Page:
These elements work synergistically to help your client create shifts in their thinking, their emotions, and their behavior.  

Ideally, you would assign one lesson per week to your clients. Reading the chapter itself does not take much time, but at a pace of one lesson per week, your client(s) can really dive into the Steps Toward Loving Bravely. The more time your client(s) devote to the reflection exercises, the more they will bring into your sessions for discussion and exploration. This plan requires a course of therapy that is at least 20 sessions long.

If you anticipate a shorter course of treatment, you could work at a pace of two or three lessons per week. Under this plan, you could ask your clients to hold more time to work on the reflection exercises between sessions. 

One final option is to assign your clients an entire section of the book per week, which is five lessons. Under this plan, you will want to identify two or three exercises for them to pay special attention to.

Regardless of the pacing that makes sense for your situation, ensure that you and the client have a clear and agreed-upon plan. Check in at the beginning of each session about their experiences with the work for that week. Here are some possible questions:

  • What are your overall reactions to the chapter(s) for this week?
  • How did this week’s chapter(s) connect for you to the challenges we’ve been working on in this therapy?
  • What felt surprising to you?
  • What felt confusing to you?
  • What was your biggest a-ha?
  • What were your thoughts and feelings as you completed the exercises?
  • What do you want to make sure we keep in mind going forward?

These questions will help you understand how your client is experiencing the work of the book. 

If your client is struggling to make time between sessions to read and complete the exercise(s), you will need to understand what is getting in the way. The constraint may be pragmatic in which case, your client will benefit from blocking out time in their calendar for Loving Bravely. The constraint may be emotional. Your client may feel afraid of what they will uncover during the process of introspection. A few years ago, an undergraduate student came to my office hours and asked, “Is it normal to read a few pages of Loving Bravely and then cry for a while?” I validated that the process of exploring our love template–the forces that shaped our relationship to relationships– can stir up powerful emotions. How wonderful that your client has the benefit of being able to process these strong emotions with you! You may still want to validate beforehand that this journey of exploration is not easy, normalizing some of these upsetting feelings. And, if parts of the book feel so upsetting that they are unable to continue with their day, for example, you can give explicit permission for them to skip that part, knowing they can return to it at a later time.

If you are working with a couple, you’ll need to navigate an added layer, which is determining the degree to which the couple will work independently versus together between sessions.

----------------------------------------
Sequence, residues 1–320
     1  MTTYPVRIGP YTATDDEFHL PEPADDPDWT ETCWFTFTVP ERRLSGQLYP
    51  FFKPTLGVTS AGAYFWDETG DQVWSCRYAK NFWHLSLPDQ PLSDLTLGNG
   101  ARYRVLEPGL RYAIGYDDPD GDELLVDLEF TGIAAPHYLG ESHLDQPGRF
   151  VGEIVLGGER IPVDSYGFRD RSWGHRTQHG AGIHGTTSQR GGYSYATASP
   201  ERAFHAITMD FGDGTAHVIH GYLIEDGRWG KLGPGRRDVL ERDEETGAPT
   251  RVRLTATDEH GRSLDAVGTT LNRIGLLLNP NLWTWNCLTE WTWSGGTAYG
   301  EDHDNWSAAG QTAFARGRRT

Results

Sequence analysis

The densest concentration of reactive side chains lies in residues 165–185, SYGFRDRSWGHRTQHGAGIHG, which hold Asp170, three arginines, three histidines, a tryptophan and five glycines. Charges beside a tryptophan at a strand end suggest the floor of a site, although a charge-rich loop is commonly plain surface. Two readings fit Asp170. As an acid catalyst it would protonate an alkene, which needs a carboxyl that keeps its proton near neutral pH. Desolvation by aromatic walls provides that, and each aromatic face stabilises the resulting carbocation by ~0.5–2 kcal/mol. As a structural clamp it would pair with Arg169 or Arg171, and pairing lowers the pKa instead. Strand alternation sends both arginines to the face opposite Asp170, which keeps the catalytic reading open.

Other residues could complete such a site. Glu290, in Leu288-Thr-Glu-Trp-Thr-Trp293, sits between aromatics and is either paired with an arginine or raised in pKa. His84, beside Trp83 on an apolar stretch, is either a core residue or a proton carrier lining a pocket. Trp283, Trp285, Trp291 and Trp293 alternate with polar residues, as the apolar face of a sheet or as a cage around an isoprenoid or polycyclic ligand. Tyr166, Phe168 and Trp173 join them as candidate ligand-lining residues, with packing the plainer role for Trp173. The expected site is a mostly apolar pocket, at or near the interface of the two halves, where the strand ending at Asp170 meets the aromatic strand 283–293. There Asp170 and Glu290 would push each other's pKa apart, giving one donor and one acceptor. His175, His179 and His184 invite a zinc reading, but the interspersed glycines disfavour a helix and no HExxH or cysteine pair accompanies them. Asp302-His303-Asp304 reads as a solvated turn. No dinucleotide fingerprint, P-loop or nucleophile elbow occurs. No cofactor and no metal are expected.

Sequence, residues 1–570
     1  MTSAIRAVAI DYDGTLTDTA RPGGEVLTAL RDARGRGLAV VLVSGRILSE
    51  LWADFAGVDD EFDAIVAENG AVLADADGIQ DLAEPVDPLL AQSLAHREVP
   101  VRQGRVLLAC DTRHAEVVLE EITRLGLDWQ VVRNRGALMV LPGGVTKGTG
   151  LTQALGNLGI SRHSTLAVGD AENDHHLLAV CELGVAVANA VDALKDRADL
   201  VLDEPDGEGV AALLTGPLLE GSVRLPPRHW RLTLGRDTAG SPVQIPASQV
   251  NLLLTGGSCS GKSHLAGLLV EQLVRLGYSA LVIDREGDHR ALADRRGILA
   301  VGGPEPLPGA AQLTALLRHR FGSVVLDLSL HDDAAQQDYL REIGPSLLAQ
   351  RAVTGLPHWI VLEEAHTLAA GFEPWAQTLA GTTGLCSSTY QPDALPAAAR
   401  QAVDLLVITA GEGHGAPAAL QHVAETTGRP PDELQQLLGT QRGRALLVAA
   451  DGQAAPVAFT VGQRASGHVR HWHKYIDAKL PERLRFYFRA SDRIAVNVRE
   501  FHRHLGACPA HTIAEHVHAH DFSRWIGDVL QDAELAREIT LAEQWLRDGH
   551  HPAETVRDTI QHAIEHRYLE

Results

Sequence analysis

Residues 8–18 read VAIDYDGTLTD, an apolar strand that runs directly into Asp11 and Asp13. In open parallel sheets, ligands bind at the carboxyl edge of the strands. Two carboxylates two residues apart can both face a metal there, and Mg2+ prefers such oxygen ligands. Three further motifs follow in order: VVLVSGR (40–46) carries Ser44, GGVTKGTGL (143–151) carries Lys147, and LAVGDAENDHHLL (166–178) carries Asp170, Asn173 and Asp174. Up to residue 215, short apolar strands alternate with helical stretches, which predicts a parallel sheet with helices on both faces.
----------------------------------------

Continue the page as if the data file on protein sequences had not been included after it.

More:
• With high-conflict couples who are prone to escalation, it may be helpful for each partner to have their own copy of the book. You may also want to put a moratorium on between-session conversations about the book and the exercises. This way, you are able to facilitate the sharing of individual insights and observations. As the couple is better able to manage their emotional reactivity, you can move toward having the couple read and work on sections of the book together, as this would be a concrete way to celebrate growth and progress.
  • With more emotionally-detached couples, reading together, perhaps even reading aloud together, may be an intimacy-promoting activity. Ideally, partners will work independently on the reflection exercises, but, here again, talking about their experiences may help them feel more connected. Hopefully, the content of the Loving Bravely book will help them understand themselves and each other more fully, and the process of working together will help them feel more united.

Whether the couple works together or separately, the goal is for individual insights to foster increased empathy between partners. And we certainly want to avoid partners using these insights as cudgels during future conflict. In session, you can model gentleness and empathy as partners are sharing what they have learned about themselves and their histories, and you can be explicit about holding these parts of their partner’s story with sacrednes and care.

Finally, when working through Loving Bravely with a couple, a dynamic may emerge in which one partner is keeping up with the work and the other partner is not. If this replicates an over-functioning/under-functioning relationship pattern, you will address this dynamic the way you have addressed other variations on this theme. Address what might be getting in the way for the partner who is not keeping up, and invite each partner to notice the story they attach to their partner’s behavior.

I hope this article provided you with some useful suggestions for integrating Loving Bravely into your clinical work to help your clients expand their Relational Self-Awareness. I would love for you to share your thoughts and feedback with me.